He's being punished for having the audacity to make a profit off his land, says an irate East Delta farm owner who's now put his property up for sale.
Bob Robertson, who owns 16.5 hectares at 10785 Ladner Trunk Rd., recently placed his land up for sale, saying he's being forced to sell because he was making money storing a large number of vehicles, boats and supplies.
"I don't know why they decided to single me out. I was making a real good living at it and preserving the land," he told the Optimist.
A B.C. Supreme Court judge this summer ordered a prohibition on the storage of vehicles and boats on Robertson's property, which has a prominent R.
Robertson Cattle Company sign on one of the large buildings. Robertson said he was still farming and involved in the buying and selling of cattle, but had been out of the cattle business for 14 years due to staggering losses.
Delta and the Agricultural Land Commission sought an order against him, arguing Robertson's storage business, called R&R Storage, was a non-farm use and therefore prohibited.
Robertson said he made sure he paid the commercial tax rate for his property, but that didn't satisfy Delta and the ALC.
"I've never received any subsidy or any handout from anybody ever since I started business at 19," he said.
Noting several nearby farm properties are also being used as vehicle storage lots but are in deplorable condition due to neglect, as well as continued dumping, Robertson said he doesn't see the problem in his trying to make a profit while maintaining his land.
He noted he made over $300,000 annually storing about 300 vehicles year round, as well as boats and RVs. He also made money storing lumber and other supplies. As well, he rented out a building to an elevator repair business.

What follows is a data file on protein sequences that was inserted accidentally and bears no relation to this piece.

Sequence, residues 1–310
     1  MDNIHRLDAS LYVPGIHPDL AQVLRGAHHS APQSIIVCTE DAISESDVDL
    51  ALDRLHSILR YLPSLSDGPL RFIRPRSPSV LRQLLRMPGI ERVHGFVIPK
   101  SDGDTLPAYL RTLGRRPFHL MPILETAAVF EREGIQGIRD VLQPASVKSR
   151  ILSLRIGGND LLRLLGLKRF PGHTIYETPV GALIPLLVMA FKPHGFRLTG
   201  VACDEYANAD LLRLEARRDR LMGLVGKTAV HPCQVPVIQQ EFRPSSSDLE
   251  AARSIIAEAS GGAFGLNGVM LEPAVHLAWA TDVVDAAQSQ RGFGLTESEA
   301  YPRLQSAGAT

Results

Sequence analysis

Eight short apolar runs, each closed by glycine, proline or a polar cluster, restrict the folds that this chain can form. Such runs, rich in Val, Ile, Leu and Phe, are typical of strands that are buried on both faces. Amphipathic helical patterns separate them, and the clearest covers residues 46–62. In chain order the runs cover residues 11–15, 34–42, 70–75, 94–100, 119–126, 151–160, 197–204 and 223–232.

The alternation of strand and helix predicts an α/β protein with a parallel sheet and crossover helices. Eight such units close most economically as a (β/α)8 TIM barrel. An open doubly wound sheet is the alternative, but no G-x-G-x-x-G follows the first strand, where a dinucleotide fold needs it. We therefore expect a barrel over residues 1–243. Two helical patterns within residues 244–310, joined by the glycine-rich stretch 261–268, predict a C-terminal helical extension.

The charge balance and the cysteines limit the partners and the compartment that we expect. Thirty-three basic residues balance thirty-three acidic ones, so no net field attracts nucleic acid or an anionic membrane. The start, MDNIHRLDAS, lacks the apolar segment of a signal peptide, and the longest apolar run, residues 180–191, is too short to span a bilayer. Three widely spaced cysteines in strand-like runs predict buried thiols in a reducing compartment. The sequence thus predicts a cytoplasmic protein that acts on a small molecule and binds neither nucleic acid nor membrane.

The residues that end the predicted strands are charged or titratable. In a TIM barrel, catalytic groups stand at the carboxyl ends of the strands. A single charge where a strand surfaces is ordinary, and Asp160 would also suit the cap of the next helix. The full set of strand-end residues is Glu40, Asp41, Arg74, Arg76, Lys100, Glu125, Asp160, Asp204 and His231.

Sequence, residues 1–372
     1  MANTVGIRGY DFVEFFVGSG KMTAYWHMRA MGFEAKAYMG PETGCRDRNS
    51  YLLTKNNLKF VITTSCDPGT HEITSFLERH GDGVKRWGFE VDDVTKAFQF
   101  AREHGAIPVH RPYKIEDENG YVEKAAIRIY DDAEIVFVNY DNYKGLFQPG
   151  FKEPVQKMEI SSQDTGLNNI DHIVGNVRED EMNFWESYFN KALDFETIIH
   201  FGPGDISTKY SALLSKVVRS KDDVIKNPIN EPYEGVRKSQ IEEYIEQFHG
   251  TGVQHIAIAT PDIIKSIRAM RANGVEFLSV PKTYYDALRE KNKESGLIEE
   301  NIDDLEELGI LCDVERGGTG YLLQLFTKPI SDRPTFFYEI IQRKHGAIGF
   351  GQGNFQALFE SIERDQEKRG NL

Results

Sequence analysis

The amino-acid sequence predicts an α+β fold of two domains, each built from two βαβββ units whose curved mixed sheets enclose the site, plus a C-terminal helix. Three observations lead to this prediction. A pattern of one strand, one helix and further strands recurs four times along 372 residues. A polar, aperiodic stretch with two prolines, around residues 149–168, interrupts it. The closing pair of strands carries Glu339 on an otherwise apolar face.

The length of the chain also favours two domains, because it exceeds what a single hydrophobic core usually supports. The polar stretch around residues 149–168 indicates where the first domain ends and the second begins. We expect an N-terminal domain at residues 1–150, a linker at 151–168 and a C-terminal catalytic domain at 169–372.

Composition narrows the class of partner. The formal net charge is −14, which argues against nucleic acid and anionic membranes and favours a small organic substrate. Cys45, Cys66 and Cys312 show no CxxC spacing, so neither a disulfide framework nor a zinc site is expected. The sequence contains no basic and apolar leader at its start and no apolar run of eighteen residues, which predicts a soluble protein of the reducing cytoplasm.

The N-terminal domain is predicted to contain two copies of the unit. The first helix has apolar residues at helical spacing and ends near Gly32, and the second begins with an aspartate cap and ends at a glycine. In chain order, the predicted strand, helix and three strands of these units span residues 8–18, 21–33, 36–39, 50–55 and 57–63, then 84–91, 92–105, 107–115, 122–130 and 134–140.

All of this was done discreetly in clean, wellmaintained buildings on an immaculate, laser-leveled property, he explained.
"I'm the biggest, I'm the cleanest and I feel we offered the best service, and we do it for profit. I farm every acre. I didn't park on farmland, I just parked on hardtop and inside the buildings," Robertson said.
Now 60, Robertson has owned and worked the land since the early 1970s, but said he can't go on trying to make a profit from farming.
He's asking for just under $5 million, but wonders who has the capital to make such an investment and then take the risk farming it.
Mayor Lois Jackson said the non-farm use of the property has been going on for a long time and the municipality was simply following due process.
Delta's new agricultural plan contains a series of action plans, including investigating incentives to encourage farmland use and discouraging non-farm use. The plan also calls for improving enforcement of existing regulations, including soil filling, storage and waste dumping.
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